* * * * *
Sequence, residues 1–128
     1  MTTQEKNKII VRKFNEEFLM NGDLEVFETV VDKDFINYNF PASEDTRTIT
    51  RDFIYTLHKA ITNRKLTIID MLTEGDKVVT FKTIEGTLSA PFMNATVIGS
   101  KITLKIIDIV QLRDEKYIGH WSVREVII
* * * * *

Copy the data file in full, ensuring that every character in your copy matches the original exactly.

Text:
Sequence, residues 1–128
     1  MTTQEKNKII VRKFNEEFLM NGDLEVFETV VDKDFINYNF PASEDTRTIT
    51  RDFIYTLHKA ITNRKLTIID MLTEGDKVVT FKTIEGTLSA PFMNATVIGS
   101  KITLKIIDIV QLRDEKYIGH WSVREVII